Principle vs. preference (for churches)
Whether we care to admit it or not, we seek to do the same with the church and our content (called the message of Christ). We hold our services at a particular time and in a particular way and we feel that people need to come to us to hear the life saving message of Jesus Christ. We want things on our terms because it makes us feel comfortable. We feel the waves of change hammering around us yet we stand firm. Many believe that we should stand on principles and not allow the world to change us. We are standing firm for Christ, right?
Here is the killer question: Are we (as the church) standing firm on the right principles or stuck on our preferences? Let’s take a look at a few…
Jesus is God’s Son = Principle
Worship styles = Preference (the organ was once considered the devil’s bagpipes)
The Holy Trinity = Principle
Use of hymnal (or screen) = Preference
Serving the Poor = Principle
Going on International Mission Trips = Preference
Christ came to this world and upturned many of the rules the Jewish faith. Working on the Sabbath. Hanging out with the unclean. Drinking water with a Samaritan woman. Jesus took religious convention and turned it on its head. He had a very clear mission to reconcile God and his people. He focused on saving the lost and not about following the rules laid out by the religious authorities (many of which were layers upon layers of man-made rules on top of the scripture.) They were made with the best of intentions to keep the Jewish people from breaking God’s commandments. Instead, these rules turned into a straight-jacket for our faith and kept the church from moving forward to reach the least and the lost.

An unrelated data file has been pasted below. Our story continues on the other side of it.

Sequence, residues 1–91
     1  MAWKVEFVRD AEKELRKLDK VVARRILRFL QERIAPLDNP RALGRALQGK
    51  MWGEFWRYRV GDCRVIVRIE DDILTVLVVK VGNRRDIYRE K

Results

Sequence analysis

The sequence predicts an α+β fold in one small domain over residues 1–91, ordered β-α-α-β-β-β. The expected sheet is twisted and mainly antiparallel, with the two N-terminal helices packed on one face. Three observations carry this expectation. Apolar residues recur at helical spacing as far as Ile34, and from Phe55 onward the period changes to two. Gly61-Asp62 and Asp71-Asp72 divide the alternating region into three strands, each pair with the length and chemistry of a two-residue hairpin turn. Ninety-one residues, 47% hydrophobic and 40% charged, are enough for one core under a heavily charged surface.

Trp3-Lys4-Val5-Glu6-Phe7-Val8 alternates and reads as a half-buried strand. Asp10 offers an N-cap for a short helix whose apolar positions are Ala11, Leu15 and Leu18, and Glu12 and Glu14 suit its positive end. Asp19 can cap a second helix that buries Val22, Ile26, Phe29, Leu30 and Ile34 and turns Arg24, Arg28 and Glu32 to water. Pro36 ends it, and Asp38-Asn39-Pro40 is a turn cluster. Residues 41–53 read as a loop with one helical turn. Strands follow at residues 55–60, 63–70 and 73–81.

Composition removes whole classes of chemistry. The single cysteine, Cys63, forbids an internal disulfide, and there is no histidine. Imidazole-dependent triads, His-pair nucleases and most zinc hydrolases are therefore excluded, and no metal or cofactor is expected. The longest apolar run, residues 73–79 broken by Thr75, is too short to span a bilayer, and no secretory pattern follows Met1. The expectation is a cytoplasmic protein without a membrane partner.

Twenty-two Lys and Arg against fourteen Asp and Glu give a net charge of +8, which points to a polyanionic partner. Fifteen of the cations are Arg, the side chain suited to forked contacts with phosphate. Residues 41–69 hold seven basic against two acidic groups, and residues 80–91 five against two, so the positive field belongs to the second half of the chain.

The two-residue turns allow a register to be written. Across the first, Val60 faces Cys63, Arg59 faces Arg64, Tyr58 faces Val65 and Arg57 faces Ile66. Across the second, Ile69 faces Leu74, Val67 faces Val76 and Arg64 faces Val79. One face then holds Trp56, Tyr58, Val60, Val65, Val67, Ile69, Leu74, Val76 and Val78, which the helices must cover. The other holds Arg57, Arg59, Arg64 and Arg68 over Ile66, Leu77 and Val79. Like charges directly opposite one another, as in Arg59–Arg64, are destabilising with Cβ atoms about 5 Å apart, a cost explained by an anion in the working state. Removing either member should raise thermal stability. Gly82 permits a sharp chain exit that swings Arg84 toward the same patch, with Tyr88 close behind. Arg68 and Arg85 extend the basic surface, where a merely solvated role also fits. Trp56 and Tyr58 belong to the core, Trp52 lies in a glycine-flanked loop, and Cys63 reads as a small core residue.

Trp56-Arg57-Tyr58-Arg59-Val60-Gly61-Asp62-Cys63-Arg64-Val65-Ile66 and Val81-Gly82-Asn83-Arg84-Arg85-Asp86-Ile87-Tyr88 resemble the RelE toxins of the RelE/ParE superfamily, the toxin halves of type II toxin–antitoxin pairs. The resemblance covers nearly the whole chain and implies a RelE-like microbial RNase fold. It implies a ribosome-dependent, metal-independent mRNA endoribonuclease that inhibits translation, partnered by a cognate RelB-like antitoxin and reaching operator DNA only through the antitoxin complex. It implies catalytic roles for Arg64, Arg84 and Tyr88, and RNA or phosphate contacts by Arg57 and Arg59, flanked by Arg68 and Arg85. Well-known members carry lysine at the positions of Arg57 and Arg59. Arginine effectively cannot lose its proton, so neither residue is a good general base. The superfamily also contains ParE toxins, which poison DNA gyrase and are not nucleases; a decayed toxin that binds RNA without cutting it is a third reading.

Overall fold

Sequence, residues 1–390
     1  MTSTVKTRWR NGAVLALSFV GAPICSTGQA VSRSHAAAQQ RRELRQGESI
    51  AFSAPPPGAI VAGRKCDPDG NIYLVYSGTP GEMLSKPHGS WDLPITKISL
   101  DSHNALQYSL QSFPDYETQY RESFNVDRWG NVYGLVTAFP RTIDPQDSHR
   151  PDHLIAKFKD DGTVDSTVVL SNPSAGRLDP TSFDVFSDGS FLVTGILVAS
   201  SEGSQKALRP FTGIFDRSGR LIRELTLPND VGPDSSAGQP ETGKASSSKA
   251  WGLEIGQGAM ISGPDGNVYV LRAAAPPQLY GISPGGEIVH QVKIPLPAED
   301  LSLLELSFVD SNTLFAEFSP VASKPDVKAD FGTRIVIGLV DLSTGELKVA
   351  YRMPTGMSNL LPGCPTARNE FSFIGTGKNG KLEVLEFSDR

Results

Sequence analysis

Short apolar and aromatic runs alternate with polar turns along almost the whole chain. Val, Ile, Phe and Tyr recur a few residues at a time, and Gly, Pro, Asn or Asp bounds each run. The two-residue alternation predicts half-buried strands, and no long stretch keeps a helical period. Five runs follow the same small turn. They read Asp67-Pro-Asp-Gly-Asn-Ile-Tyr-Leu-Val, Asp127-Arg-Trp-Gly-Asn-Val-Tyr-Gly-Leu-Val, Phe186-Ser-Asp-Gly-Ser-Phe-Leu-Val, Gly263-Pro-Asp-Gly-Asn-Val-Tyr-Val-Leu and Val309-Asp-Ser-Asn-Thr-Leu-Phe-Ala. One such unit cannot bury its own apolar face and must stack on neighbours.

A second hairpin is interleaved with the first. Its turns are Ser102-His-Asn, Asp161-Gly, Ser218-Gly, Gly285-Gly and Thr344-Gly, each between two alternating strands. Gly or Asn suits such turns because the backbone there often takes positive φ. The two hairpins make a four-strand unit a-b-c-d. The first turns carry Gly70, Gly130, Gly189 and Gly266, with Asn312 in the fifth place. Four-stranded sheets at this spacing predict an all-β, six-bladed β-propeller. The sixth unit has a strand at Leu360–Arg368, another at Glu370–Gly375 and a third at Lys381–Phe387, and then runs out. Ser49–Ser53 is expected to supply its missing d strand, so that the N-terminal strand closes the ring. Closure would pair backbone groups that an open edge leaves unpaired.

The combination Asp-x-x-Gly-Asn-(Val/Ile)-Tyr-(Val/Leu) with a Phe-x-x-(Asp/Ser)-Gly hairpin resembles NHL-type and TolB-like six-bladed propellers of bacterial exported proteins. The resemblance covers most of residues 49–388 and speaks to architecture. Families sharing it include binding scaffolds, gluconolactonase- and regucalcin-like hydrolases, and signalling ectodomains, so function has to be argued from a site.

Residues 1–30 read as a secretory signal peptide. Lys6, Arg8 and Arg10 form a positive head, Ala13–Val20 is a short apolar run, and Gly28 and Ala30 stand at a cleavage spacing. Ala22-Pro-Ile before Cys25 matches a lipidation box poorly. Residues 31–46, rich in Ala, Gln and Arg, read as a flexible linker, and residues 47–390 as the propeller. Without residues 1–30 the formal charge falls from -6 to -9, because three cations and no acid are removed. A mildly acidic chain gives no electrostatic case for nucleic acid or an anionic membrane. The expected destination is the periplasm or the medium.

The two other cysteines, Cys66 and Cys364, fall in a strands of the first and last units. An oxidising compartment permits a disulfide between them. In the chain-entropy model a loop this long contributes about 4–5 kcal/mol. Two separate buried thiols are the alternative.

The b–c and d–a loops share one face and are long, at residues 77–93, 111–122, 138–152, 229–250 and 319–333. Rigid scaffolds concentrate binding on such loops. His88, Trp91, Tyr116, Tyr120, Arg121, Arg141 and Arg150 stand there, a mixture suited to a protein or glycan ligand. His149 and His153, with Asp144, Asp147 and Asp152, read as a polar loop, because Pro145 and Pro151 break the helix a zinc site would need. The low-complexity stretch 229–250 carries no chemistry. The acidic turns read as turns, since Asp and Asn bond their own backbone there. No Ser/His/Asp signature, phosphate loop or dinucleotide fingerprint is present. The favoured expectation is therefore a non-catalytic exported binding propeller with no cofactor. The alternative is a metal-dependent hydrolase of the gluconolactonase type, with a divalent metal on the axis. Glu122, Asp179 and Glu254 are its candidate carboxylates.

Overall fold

The same is true today. Take some time to list out all of your church’s key principles and then ask yourself, “Is this really a principle or is this a preference?” Then back it up with Scripture and key church writings (meaning the Apostle’s Creed and not the Bishop’s latest letter.) If an unbiased person looking at the evidence would not say it is a “principle,” then you may need to ask yourself why you are holding onto it so strongly.
Many times, it is our emotions trying to convince ourselves it is more important than what it really is or we want to conform God and Jesus to our worldview instead of the other way around.
It is time to get clear on our calling!
When we strip our thinking from our preferences and focus on God’s key principles, we can surf the cultural waves of change while staying committed to God. If our goal is to make disciples, what do we need to attract people to God’s message of reconcilation and disciple them in the faith. It may not be on a Sunday morning at 11am singing Hymn #256. It may be at a recovery group being held in a community library or a bible study in a coffee shop (or even a bar (gasp!))
If someone commits their life to Christ and grows as a disciple in the faith, do you really think God cares about anything else?
We as the church need to get very clear on our calling (to make disciples) and then be willing to surf the waves of the world to be able to achieve it. We need to leave behind our “preferences” on how we like to reach them.
At the end of the day, we cannot force people to like what we like and do things the way we want to do them. We need to attract people to the message of Christ and connect with them in a way that they can relate with and connect to.
Jesus did it. Why shouldn’t we?
To learn how to craft programs that surf the cultural waves, check out the article “How does picking surfboards look a lot like creating church programs?”